How would you describe your forthcoming exhibition, history is a living weapon in yr hand to someone who is unfamiliar with your work? I’d say it was an exhibition about rehearsing the future through the lens of the history of black radicalism in 1940s London.
How did you first become interested in moving image work? I always loved going to the cinema when I was a kid, it was a pleasure and distraction. I made films as a hobby at university but then my friend Thea said, “why not be a filmmaker?” in the last months of my final year of a politics degree. I thought I’d make documentaries but I was disappointed by the documentary world, and then I discovered art when I lived in a project space called Limazulu and that felt like the setting I wanted to explore the moving image in.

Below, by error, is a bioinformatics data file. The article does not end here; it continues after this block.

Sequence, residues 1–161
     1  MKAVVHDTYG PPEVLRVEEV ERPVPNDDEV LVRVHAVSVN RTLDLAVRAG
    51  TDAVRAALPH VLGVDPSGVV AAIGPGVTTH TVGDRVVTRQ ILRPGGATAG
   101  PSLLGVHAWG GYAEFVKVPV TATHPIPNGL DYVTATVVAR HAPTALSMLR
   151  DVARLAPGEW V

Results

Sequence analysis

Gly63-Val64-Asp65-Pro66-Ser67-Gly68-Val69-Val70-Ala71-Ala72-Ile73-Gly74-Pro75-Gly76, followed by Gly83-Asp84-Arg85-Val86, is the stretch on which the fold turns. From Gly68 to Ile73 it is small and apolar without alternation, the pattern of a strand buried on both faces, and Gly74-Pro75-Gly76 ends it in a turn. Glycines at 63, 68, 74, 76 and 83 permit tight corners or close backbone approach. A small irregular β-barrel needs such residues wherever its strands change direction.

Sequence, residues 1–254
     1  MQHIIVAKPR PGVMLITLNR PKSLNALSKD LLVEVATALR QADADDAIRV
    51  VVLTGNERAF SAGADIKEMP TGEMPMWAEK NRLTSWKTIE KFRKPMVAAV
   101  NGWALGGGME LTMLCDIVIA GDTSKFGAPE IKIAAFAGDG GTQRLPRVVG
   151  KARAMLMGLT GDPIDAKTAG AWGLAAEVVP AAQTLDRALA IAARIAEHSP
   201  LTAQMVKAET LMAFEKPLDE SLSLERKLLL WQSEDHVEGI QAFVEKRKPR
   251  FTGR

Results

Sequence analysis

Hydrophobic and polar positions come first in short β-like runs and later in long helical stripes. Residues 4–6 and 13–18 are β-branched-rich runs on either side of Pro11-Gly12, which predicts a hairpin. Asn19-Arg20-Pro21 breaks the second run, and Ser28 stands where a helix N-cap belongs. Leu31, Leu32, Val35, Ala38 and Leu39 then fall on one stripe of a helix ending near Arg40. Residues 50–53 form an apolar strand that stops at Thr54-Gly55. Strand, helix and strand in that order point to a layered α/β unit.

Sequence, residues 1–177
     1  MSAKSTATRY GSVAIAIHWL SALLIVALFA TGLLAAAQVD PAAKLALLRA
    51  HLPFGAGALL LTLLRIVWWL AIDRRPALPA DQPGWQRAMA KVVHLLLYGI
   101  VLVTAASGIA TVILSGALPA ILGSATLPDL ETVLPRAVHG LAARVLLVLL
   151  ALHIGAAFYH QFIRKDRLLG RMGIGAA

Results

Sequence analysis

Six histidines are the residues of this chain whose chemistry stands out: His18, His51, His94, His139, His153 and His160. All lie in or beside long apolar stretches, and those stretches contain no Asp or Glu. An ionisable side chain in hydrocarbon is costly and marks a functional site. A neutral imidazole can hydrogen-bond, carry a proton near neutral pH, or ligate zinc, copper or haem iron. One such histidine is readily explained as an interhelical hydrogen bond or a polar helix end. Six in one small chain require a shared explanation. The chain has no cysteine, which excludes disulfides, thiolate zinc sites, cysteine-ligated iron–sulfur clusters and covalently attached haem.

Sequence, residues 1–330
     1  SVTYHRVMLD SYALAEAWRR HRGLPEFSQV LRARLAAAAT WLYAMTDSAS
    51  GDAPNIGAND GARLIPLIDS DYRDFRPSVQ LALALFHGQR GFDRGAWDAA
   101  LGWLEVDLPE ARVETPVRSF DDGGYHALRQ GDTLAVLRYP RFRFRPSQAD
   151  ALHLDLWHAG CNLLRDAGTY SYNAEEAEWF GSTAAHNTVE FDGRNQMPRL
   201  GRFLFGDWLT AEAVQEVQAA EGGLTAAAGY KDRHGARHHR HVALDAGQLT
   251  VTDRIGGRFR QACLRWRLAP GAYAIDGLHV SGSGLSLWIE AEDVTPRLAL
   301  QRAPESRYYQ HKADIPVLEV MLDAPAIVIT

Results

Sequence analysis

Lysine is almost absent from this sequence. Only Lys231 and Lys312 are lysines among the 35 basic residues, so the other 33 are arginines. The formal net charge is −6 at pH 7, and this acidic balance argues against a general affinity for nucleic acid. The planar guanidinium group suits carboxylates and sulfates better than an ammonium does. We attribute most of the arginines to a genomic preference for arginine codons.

What’s been the most rewarding part of creating your film, A Radical Duet? Working with all the cast and crew, the feeling I had on the set, and the very fact that my words on a page became real.
What’s your favourite thing about being an artist? That my job is to think, follow my curiosities and share that.
Which bands or musicians are on your playlist at the moment? I recently got my record player working again and so was listening to something I bought in the pandemic but haven’t spent so much time with, African Acid is the Future.
What do you do when you have a day off? Pretend I know how to relax! I’m trying to find a new hobby after roller derby took over my life.
What works or shows do you have in the pipeline? Next year I’ll be in the Nigerian Pavilion at the 60th Venice Biennale and touring history is a living weapon in yr hand to other galleries in the UK. I want to make the feature film version of A Radical Duet so trying to rustle up some funding!